With only one wing, the little bird cannot fly to the raspberry patch with her brothers. As luck would have it, she meets a little dog, a chipmunk, and a frog who work together to get them all across the street to the raspberry patch.
Although carefully planned at twilight so all animals can attend, things go terribly wrong during this walkabout. The group creates such a terrible hullabaloo that Namarrkun, the lightning man, is forced to show his strength.
This story speaks of the importance of giving. When hard times fall on his land, Buddha reaches out to the wealthy, asking them to help feed the poor. The rich people grumble and refuse until a young, well-to-do girl steps forward and offers to take her bowl from house-to-house to be filled for those less fortunate than herself. Supriya succeeds and many in the land fill her bowl and their own to give to the poor.
Katherine Scholes begins this informative piece by describing the multi-facted nature of the word "peace" and what it can mean to different people at different times. Then she provides concrete ways that each of us can be a peacemaker.
Are material possessions more important than friendship? Should you act on the impulse to get back when someone hurts you? Will you let pride get in the way of your friendship? This tale about bridges brings these questions to the fore..
This story tells the tale of how Sarah and Natalie became friends. Sarah, both new to class and in a wheelchair, sits at the desk next to Natalie. At first, Natalie has some trouble getting over Sarah’s appearance and limitations, but with some help from her teacher and Sarah’s aide, she discovers a great, new friend waiting for her.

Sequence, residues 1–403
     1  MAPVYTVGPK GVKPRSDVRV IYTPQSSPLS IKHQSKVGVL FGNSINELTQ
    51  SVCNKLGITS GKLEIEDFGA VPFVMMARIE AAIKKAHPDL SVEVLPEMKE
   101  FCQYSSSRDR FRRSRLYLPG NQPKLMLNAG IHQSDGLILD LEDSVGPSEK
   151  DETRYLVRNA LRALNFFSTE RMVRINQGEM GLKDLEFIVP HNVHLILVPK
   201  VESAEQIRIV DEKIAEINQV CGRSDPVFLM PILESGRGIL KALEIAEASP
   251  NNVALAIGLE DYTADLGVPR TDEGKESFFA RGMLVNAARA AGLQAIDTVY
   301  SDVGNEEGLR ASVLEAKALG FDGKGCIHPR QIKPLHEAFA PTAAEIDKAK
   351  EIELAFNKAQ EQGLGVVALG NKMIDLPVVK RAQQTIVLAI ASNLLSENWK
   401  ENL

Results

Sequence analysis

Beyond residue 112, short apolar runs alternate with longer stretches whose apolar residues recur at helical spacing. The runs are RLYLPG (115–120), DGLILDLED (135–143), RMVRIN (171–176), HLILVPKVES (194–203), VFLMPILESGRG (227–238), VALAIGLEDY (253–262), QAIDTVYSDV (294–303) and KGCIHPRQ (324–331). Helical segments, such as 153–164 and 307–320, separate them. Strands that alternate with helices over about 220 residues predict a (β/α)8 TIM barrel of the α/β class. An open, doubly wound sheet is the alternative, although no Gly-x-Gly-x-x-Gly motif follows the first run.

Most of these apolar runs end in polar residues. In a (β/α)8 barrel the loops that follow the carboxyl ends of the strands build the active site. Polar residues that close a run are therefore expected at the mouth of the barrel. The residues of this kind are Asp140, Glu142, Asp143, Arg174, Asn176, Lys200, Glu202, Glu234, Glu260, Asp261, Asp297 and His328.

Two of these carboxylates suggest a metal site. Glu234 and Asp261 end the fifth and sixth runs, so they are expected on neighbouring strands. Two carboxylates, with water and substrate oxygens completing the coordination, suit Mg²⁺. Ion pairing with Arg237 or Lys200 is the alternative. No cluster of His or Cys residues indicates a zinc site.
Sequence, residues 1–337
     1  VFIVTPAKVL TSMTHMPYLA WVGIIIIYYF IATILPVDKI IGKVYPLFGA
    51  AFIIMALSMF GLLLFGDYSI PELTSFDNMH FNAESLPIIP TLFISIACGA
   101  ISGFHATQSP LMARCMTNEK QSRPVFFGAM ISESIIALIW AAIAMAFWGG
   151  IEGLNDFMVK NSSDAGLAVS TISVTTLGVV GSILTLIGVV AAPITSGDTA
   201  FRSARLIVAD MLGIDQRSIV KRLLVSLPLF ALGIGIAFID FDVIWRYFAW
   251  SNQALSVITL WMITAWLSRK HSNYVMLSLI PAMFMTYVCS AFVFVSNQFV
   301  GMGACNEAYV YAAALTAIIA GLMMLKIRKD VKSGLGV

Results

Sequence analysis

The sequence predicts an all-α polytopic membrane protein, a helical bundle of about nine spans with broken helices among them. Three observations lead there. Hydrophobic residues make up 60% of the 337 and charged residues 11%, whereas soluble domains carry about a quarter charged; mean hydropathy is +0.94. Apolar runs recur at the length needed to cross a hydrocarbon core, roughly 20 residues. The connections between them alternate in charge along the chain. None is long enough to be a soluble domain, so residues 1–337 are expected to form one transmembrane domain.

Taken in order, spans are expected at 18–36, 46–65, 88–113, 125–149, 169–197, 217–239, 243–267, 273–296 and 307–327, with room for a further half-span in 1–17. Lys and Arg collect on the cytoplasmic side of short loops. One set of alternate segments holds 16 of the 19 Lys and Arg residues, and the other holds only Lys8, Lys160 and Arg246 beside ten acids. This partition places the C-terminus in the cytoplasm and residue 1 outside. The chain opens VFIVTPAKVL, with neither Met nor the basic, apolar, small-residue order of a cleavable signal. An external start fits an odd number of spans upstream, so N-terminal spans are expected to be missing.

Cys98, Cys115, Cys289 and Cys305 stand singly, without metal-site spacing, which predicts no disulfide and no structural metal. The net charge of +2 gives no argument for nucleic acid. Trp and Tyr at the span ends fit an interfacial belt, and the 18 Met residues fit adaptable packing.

A chance meeting of a family of frogs and a family of snakes in the woods one day allows wonderful new friendships to be made. Later, when the siblings tell their parents about their new friends, they are told never to play together again. Find out why in this easy-to-produce play that teaches about the serious topic of prejudice.
The Peacock Fairy needs to choose an apprentice, but all of the peacocks look alike. To stand out, most of them decide to add things to their feathers, but the Little Peacock doesn't follow suit, and his actions succeed in catching the Peacock Fairy's attention.
An anchor chart is an artifact of classroom learning. Like an anchor, it holds students' and teachers' thoughts, ideas and processes in place. Anchor charts can be displayed as reminders of prior learning and built upon over multiple lessons.
This strategy provides tools to create questions that help students engage critically with Perspectives central texts and examine them for issues of power and social inequity. The activities suggested here also encourage readers to bring their knowledge and experiences to the reading of a text.
Realia are real-life objects that enable children to make connections to their own lives as they try to make sense of new concepts and ideas. This strategy brings the Perspectives central text to life for students by using everyday objects during the read aloud.
This strategy includes text type charts and matching exercises to help students differentiate between Perspectives central text types, increasing their ability to read, comprehend and produce those forms.
Students showcase artwork and nonfiction writing that addresses issues they found in the text. The result is a visual, collaborative and creative representation of student learning and ideas. An alternative to the bulletin board is a community newsletter.
Estimated Time One week Why? Sharing a book they love helps students develop empathy. Articulating why the book is meaningful to them challenges students to communicate their thoughts and feelings in writing.
Select the parts of your Learning Plan you'd like to print. If your Tasks or Strategies have PDF handouts, they'll need to be printed separately. These are listed on the left side of each Task or Strategy page.